Editors note: The following column appeared in The Sun’s Reunion Edition issue which was published June 10th, 2011 for Reunion Weekend.
When I wrote for The Sun, there was a quote taped to the wall that we used to stare at with a certain reverence:
“I’m sorry, sir, but I cannot offer you retroactive, off-the-record status.”
The quote was attributed to former Sun editor in chief David Folkenflik ’91 and it was directed at a former University administrator. I thought it was so cool. Something Woodward and Bernstein would have said. Standing up to the Man. Speaking truth to power. Telling it like it was.
During the long nights I spent in The Sun’s newsroom while my other friends were studying or partying, that quote often reminded me of why I wanted to be a journalist.
Or, more accurately, it stirred in me a certain feeling that made me realize that I hadn’t chosen journalism so much as it had chosen me. I yearned for my own quote on the wall, my own journalistic tales to tell.
And then, my junior year, I got my first truly big scoop. But, that great cinematic moment I’d imagined didn’t play out the way I thought it would. I’ll never forget how it felt to hang up the phone with a revered professor who had just told me, “My career is ruined, my children are devastated, and you have no f-ing ethics.” I was crushed. There was no fist-pumping or high-fiving in the newsroom. There was no dramatic soundtrack. Nobody yelled, “Stop the Presses!” I hung up the phone and sat in silence for a few minutes. Then, I started to write.
The story was a big one. My sources were impeccable, and they were vetted again and again. This was a story I should have been proud of. And a part of me was. It was my job to report to the news. But editors of The Sun face an interesting dilemma — how to stay true to the story without injuring the institution we all hold in such great regard.
Most editors of The Sun bleed Big Red and yet, every day, in addition to reporting on great accomplishments and victories, cutting edge discoveries and stand-out students, they have to report the hard stories.
I never feared the occasional angry call from an administrator, and to the credit of Day Hall, those were few and far between. I never dreaded walking into the Ivy Room and catching angry glances from beneath the pages of an open paper, from friends, classmates and peers who simply disagreed with something we had published. But, it used to eat me up when I’d realize that something The Sun had reported had hurt someone, or in some way, had hurt the institution.
But, that was what we had signed up for. That’s why we disappeared night after night into the offices on South Cayuga Street. And the upside was tremendous. As I look back now, I understand that I learned as much from my days editing The Sun as I did in the buildings on the Arts Quad or in the bars of Collegetown.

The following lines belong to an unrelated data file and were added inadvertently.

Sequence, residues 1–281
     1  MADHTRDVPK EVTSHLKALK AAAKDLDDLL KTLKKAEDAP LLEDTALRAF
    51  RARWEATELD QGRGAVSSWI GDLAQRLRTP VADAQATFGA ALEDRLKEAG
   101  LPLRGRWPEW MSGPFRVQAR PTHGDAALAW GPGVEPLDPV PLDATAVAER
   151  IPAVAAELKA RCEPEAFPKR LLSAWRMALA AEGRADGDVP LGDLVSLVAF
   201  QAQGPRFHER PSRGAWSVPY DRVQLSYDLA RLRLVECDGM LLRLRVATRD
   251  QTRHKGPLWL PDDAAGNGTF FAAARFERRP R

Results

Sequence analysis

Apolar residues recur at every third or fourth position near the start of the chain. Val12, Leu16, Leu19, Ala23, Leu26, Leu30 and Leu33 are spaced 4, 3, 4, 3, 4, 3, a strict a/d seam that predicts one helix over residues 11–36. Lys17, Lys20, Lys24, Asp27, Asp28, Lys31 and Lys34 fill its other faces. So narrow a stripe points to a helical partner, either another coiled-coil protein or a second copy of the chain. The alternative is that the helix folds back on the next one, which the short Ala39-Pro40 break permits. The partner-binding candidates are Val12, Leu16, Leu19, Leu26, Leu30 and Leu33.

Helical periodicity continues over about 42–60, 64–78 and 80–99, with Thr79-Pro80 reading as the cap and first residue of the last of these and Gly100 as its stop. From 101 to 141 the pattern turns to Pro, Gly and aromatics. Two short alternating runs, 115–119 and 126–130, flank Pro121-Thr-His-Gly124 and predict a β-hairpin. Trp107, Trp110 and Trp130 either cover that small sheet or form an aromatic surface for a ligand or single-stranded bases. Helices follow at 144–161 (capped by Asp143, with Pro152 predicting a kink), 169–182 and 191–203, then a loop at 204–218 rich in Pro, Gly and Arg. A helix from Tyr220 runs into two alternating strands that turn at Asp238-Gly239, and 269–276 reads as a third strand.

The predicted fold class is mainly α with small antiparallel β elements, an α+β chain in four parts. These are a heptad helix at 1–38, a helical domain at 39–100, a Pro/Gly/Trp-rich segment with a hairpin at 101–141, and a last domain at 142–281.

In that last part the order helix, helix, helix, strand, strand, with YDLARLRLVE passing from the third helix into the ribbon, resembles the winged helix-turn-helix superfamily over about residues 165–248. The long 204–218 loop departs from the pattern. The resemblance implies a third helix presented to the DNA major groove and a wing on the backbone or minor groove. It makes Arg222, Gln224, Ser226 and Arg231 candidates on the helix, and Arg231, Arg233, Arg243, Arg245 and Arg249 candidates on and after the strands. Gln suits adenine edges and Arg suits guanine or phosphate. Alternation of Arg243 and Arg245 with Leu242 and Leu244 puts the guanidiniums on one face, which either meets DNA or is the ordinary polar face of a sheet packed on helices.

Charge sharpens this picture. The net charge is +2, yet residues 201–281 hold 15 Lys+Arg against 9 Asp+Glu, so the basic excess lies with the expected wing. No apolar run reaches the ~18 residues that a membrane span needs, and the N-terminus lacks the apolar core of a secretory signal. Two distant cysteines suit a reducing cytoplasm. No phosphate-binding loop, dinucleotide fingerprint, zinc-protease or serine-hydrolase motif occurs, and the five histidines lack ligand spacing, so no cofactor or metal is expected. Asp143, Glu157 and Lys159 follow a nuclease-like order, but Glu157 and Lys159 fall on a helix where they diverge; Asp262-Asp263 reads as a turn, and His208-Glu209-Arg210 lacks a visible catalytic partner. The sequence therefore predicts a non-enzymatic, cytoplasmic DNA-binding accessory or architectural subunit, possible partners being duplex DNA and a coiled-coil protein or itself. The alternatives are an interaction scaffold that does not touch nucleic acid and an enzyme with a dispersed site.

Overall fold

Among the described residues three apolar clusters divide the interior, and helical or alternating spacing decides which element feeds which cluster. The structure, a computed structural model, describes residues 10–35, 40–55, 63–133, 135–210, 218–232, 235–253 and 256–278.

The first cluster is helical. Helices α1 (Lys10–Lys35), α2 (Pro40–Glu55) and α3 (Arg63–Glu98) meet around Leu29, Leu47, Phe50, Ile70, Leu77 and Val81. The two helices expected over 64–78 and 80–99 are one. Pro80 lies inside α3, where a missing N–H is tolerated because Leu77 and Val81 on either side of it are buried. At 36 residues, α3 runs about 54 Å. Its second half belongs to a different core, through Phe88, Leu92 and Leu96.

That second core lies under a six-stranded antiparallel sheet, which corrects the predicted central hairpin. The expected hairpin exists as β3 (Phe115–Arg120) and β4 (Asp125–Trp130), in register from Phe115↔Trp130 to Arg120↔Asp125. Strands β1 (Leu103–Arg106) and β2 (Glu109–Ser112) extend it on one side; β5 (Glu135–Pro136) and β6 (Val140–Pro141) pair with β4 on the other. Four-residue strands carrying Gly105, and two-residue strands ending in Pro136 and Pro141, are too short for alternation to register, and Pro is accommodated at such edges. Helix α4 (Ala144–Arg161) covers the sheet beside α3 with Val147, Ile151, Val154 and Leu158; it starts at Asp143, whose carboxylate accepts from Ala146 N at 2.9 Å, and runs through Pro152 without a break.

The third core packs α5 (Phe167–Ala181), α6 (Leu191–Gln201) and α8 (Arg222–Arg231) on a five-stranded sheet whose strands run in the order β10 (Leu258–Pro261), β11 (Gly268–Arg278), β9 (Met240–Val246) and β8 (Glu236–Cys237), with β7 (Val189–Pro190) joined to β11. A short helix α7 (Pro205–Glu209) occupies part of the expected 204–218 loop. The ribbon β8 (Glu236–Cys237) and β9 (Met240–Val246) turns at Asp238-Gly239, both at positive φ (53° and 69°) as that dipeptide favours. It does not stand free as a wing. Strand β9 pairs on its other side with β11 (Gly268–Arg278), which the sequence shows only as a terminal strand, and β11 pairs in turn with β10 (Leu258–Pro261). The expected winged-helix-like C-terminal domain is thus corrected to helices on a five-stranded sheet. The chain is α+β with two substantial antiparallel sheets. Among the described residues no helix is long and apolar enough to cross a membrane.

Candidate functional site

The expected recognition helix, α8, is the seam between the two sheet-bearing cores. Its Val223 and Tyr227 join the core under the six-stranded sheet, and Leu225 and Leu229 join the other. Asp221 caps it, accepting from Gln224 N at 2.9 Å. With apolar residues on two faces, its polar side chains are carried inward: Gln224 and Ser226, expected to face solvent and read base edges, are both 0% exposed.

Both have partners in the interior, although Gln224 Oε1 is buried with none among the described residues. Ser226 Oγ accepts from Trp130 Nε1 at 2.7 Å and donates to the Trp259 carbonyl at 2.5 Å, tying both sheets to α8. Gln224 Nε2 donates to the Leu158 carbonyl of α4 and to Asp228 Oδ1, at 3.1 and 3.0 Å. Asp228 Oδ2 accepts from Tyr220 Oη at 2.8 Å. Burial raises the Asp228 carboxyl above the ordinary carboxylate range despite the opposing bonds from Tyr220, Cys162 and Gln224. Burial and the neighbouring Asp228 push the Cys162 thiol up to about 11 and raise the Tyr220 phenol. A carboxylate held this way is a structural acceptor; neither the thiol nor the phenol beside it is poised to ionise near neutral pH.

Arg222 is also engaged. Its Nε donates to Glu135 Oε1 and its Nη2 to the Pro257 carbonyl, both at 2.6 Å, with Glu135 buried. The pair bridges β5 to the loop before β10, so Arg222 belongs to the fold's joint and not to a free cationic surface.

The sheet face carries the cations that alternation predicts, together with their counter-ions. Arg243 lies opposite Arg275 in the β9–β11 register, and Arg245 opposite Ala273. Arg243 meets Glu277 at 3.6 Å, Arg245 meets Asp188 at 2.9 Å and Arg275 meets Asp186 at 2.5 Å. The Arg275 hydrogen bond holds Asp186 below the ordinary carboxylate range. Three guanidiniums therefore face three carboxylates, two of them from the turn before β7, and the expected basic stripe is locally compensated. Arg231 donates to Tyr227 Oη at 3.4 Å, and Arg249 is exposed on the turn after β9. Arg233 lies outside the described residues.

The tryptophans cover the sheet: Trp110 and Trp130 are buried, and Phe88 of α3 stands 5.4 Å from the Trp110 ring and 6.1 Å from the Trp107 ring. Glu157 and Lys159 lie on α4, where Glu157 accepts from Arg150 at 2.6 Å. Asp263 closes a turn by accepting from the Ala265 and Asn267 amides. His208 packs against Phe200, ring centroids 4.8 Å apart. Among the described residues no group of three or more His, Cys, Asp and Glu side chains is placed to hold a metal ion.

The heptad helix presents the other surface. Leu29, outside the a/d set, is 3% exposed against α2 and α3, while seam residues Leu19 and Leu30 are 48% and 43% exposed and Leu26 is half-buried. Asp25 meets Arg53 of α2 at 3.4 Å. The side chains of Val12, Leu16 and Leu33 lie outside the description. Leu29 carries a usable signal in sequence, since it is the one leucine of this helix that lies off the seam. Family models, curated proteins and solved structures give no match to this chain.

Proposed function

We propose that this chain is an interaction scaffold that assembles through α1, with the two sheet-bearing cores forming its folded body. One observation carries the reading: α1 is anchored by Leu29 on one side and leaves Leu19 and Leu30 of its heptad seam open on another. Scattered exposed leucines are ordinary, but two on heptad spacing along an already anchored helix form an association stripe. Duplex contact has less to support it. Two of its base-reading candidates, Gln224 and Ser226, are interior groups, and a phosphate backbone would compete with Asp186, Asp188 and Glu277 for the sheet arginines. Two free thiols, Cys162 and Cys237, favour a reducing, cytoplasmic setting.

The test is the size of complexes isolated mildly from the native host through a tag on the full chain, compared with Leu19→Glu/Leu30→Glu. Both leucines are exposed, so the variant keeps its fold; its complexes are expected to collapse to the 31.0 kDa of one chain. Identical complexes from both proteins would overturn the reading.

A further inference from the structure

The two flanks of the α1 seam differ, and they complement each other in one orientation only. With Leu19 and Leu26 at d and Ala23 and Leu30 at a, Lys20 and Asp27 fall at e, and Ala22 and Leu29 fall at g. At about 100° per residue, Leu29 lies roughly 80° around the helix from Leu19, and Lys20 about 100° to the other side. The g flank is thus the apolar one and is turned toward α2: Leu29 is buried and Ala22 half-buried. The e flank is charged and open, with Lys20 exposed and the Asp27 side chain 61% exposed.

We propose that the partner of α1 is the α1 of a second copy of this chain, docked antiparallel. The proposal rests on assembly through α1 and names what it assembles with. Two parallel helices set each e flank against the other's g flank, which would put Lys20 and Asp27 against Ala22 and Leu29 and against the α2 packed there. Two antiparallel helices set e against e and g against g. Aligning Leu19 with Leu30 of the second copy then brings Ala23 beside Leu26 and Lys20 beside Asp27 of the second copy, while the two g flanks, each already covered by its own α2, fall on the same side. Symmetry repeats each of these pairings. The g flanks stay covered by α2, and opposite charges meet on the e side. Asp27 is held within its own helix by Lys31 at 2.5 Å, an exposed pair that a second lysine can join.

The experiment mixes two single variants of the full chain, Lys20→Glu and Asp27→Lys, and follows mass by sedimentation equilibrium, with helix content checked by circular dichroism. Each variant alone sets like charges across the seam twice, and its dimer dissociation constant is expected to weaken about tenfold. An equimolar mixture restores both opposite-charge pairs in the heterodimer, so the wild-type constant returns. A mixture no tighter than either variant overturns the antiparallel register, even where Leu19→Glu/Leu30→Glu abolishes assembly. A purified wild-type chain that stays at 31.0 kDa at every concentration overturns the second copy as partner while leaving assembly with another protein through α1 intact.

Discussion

I don’t think my friends outside of The Sun completely understood it at the time. They’d rip me when I’d come home, completely wrapped up in a story, and their heads were elsewhere. They knew The Sun was important to me. But, I think they always saw it as just another activity. For me, it was a calling.
Fifteen years later, they get it. I’ve been fortunate to have had a career where more days than not I’ve gotten up in the morning and said that I truly love what I do. The pursuit of journalism has taken me around the world and back again — to cover wars, elections, revolutions, tsunamis, earthquakes, floods and famines. I’ve had a chance to watch history unfold. And, it occurred to me recently that the unique rush of covering a breaking news story, that feeling of excitement known well to our breed, is something I first discovered at Cornell when I worked for The Sun. It’s what I’d imagined David Folkenflik felt when he stood up to that administrator.
There’s no question this can be a heady business. It’s also a demanding one. The prelims I bombed or parties I missed while publishing The Sun prepared me for cancelled vacations and missed celebrations later in my career. While all-nighters end for most people not long after they graduate, I’ve skipped more nights’ sleep because of work than I’d care to count since I left Cornell.
And, that terrible feeling I had, when that professor let me have it over the phone, is a sentiment I’ve sadly had to experience throughout my career. Journalism isn’t for the faint of heart.
That’s why, all these years later, I still have such great reverence for The Cornell Daily Sun. It’s not just a good newspaper. It’s not just an activity to pad a resume. It is a unique kind of on-the-job training that runs staffers through a gauntlet of challenges and makes them question at a very young age how badly they want to be a journalist, and whether they have the mettle to do it.
I’d imagine every profession has its proving ground. Many would-be doctors never make it out of their first semester of pre-med. Some lawyers never pass the Bar Exam. Armies of investment bankers get swallowed up each year before they even have a chance to learn the business.
What’s unique about The Sun, though, is that the natural selection process takes place before most students are fully formed. Before they’ve had enough life experience to really have a sense of where they are, and where they want to go. I sure didn’t. But the nights I spent on South Cayuga Street publishing Ithaca’s Only Morning Newspaper helped me figure it out.
Andrew Morse ’96 was editor in chief of The Sun’s 113th editorial board. He is currently the Executive Producer of Innovation for ABC News. He may be reached via the associate editor at email@example.com.
Original Author: Andrew Morse